Knowing how to survive without basic amenities is a skill everyone – even children – should know.
Children are like sponges, and can quickly pick up things we want them to know (and don’t want to know!). Simply make it fun.
1. Foraging skills
There are thousands of native, edible plants. In a survival scenario, a child may not be able to hunt or fish, but he can learn to identify plants that are edible.
Teaching your child what NOT to eat is just as important. Of course, you can learn these things through books, but it is best if done by hand. Take them out in the woods and find edibles together. Add your finds to dishes and dinners throughout your daily life. Soon, it will become normal!
2. Creating shelter
Our hope is that our children will be with us during any dangerous scenarios. That isn’t always the case. It is important that we teach our children how to create a small shelter with the items they can find in nature.
Most kids would think building a shelter is a great game! Teach them that “roughing it” is enjoyable. Take your kids out in the dark to create a shelter or just to explore nature at night. It is a different world.
3. Making a fire
Warmth is essential for survival in the wild. It is also a great source of safety to protect predators from approaching a campground.
Teaching your child how to start and control a fire will take time. You can start by teaching him or her how to find kindling for bonfires, and then showing them how to structure a fire properly. There are plenty of ways to make this fun, especially if there are marshmallows at the end.
As your child gets older, you can move on to teaching them how to start a fire without matches. It is never too early to teach fire safety around a fire. Instilling a healthy fear and understanding of the dangers it can pose is important, especially if your child will be on his own with fire.
4. Water purification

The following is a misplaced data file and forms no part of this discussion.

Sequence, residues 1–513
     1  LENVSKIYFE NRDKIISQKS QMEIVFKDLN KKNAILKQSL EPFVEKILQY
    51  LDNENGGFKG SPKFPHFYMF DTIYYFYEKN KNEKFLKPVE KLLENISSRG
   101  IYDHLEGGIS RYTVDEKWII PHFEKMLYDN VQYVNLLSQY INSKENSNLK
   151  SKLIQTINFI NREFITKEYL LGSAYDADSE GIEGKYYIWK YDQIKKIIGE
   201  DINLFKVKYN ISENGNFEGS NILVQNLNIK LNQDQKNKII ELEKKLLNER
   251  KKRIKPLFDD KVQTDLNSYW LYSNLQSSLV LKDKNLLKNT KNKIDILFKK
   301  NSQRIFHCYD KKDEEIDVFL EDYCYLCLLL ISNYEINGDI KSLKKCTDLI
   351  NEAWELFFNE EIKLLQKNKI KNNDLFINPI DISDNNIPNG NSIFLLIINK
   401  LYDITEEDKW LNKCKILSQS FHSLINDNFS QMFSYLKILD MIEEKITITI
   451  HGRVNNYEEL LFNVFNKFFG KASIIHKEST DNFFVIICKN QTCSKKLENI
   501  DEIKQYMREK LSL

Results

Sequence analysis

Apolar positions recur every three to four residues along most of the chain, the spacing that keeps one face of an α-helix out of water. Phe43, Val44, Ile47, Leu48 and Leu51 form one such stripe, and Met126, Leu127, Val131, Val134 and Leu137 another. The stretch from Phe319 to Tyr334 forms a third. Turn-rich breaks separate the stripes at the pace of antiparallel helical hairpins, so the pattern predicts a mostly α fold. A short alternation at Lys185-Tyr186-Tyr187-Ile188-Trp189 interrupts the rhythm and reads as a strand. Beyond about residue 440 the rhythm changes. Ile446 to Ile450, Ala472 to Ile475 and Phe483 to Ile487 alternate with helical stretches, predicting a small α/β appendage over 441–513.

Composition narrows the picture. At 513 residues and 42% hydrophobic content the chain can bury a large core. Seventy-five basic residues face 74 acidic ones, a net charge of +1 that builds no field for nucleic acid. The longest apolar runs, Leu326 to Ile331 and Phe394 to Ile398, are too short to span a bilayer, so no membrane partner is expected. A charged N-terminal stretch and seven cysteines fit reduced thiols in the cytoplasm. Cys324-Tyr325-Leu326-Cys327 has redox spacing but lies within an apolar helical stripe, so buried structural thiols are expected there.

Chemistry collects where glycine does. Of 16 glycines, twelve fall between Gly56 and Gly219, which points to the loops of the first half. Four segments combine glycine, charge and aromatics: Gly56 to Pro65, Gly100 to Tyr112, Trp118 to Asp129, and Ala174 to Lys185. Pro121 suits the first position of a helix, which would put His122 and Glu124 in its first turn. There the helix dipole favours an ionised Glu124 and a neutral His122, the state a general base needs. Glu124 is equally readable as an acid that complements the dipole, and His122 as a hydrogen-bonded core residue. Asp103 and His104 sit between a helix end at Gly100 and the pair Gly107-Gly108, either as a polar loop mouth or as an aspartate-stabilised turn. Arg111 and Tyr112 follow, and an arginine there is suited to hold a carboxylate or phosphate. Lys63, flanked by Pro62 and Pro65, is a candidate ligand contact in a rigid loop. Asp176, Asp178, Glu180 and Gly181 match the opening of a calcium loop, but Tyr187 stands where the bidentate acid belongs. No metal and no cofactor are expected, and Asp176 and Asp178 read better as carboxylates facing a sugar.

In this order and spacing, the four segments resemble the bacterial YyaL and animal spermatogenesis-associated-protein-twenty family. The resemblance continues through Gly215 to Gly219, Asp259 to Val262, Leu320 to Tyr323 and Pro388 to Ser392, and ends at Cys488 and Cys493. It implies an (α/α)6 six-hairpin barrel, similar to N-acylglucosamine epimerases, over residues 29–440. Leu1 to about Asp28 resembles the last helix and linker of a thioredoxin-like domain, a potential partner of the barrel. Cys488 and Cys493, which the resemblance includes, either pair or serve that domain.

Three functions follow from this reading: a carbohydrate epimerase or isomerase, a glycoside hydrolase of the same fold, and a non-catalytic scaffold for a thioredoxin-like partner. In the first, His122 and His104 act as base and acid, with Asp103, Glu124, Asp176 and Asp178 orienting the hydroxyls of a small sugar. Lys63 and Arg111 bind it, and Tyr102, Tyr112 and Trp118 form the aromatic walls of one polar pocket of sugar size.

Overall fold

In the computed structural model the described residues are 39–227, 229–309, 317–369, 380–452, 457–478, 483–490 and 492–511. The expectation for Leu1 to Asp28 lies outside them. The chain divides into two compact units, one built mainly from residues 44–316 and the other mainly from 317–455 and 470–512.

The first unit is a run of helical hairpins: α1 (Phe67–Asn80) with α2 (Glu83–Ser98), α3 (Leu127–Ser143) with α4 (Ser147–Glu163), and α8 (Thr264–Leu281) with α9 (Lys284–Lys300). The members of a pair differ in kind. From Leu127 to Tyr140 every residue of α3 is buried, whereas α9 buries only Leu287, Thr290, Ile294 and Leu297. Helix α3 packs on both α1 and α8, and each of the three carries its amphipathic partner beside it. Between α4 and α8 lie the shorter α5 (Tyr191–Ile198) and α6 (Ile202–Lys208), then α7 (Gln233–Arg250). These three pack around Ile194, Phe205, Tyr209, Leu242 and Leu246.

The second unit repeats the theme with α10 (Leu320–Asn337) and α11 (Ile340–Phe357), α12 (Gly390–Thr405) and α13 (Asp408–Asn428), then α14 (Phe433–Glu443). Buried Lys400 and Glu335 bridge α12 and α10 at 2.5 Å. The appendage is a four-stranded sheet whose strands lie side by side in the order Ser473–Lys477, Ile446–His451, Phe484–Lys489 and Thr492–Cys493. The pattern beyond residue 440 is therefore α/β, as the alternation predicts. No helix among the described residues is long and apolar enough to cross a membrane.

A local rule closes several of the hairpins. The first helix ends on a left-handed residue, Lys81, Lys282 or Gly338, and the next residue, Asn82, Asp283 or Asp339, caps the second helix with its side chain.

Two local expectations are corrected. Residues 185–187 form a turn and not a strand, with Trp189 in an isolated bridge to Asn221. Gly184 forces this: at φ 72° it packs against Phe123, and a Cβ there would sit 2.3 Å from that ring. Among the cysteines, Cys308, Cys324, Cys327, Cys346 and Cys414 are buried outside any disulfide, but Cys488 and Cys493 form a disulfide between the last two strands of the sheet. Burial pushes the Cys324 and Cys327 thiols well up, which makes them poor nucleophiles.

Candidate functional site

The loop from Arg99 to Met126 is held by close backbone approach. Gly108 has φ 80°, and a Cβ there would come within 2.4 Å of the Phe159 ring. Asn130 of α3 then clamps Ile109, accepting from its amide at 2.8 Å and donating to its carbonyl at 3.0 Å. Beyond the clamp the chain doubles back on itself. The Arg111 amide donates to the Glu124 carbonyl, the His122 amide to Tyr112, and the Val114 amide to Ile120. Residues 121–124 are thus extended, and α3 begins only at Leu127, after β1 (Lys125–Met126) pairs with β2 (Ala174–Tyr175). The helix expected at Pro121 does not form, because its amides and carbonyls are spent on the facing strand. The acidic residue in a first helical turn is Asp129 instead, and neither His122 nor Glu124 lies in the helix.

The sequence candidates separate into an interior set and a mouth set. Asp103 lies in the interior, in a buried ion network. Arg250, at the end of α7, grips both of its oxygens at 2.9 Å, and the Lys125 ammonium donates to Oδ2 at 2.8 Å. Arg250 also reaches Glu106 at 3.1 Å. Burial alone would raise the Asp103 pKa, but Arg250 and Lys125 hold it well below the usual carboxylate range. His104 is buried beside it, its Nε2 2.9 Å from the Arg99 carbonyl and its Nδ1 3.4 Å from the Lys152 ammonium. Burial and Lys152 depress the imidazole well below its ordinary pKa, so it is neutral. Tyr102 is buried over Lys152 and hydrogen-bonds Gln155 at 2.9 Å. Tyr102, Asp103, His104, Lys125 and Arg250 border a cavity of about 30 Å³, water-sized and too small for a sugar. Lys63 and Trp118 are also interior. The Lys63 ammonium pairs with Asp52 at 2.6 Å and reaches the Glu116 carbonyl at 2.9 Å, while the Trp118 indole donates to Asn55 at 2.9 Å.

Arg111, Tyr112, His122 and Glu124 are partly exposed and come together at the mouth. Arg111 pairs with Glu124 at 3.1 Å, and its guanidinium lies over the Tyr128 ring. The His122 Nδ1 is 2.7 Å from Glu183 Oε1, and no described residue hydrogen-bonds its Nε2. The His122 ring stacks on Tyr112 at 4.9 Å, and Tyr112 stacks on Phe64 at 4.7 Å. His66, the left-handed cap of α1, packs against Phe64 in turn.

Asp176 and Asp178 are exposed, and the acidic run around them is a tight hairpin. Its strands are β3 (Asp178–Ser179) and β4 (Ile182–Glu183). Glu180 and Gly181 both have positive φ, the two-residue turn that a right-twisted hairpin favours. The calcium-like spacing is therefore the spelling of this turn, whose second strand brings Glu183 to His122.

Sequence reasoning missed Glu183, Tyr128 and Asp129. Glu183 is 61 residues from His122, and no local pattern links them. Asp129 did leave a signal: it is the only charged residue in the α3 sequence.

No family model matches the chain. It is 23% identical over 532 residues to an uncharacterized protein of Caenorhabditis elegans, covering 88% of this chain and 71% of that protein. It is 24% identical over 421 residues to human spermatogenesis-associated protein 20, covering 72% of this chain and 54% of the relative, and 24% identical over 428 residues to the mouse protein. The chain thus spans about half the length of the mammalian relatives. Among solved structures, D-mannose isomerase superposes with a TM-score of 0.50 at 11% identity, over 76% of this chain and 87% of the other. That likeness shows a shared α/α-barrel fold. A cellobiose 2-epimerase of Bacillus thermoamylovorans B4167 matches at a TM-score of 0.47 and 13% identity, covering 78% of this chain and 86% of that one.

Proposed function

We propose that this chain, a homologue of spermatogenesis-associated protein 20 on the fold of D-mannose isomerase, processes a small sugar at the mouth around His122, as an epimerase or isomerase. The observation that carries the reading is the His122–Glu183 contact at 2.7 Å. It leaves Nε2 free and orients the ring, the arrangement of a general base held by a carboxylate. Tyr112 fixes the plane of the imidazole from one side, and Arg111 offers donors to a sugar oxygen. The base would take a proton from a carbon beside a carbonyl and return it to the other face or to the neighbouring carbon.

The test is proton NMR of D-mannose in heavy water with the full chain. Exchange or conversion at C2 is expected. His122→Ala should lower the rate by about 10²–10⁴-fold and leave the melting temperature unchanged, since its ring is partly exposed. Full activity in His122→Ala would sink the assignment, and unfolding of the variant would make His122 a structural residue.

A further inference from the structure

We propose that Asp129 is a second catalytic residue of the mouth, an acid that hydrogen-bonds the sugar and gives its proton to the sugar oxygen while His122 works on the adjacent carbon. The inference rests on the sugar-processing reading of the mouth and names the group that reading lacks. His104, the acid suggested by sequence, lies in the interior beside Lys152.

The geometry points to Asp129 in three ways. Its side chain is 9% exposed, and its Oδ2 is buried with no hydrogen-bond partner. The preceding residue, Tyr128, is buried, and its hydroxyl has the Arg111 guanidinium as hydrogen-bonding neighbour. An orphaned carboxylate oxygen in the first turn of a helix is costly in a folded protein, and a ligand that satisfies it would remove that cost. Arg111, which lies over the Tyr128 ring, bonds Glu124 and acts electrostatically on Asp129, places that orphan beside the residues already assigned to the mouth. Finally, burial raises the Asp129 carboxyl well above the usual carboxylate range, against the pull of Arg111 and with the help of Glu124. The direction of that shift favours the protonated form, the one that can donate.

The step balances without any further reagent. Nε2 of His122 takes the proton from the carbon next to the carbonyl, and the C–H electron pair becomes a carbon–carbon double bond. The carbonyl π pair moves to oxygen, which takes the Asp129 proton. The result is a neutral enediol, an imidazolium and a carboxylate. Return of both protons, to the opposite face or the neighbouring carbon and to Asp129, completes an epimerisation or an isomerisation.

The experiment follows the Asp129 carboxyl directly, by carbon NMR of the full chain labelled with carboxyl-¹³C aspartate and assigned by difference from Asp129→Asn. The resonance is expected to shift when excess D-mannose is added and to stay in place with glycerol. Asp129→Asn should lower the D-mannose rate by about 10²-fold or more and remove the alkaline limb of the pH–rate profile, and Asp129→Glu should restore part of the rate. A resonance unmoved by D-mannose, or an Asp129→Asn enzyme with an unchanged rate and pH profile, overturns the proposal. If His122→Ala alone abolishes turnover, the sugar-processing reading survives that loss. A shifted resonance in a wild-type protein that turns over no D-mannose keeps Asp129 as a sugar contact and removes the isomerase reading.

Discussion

In an ideal scenario, your child would have purification tablets or a purifying straw in a bug-out bag. Life doesn’t always work how we want it to work, though, and there may be a time when your kid needs to know a different method.
This skill is easy to make fun. It is like a real-life science experiment!
Use a two-liter bottle to create a small filtering system. Children can create their own and drink the water at the end of the process. It may seem like a small skill, but it can come in handy later.
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Gardening is one of the most important skills you can teach your child. If your children can garden, they can survive anywhere.
Teach your children how to start plants from seeds. It takes practice and knowledge. After that, you can work on teaching proper upkeep and preservation techniques. Most kids love to garden. It is a great excuse for getting dirty!
As a family, we work toward teaching our children survival skills on a regular basis. From butchering deer with their father to starting vegetable plants with me, our kids learn skills immediately. To them, it is just a way of life. Our goal is to release them as adults with the skills to survive, no matter what comes their way.
Do you introduce survival skills to your kids? If so, let us know what you teach them in the section below: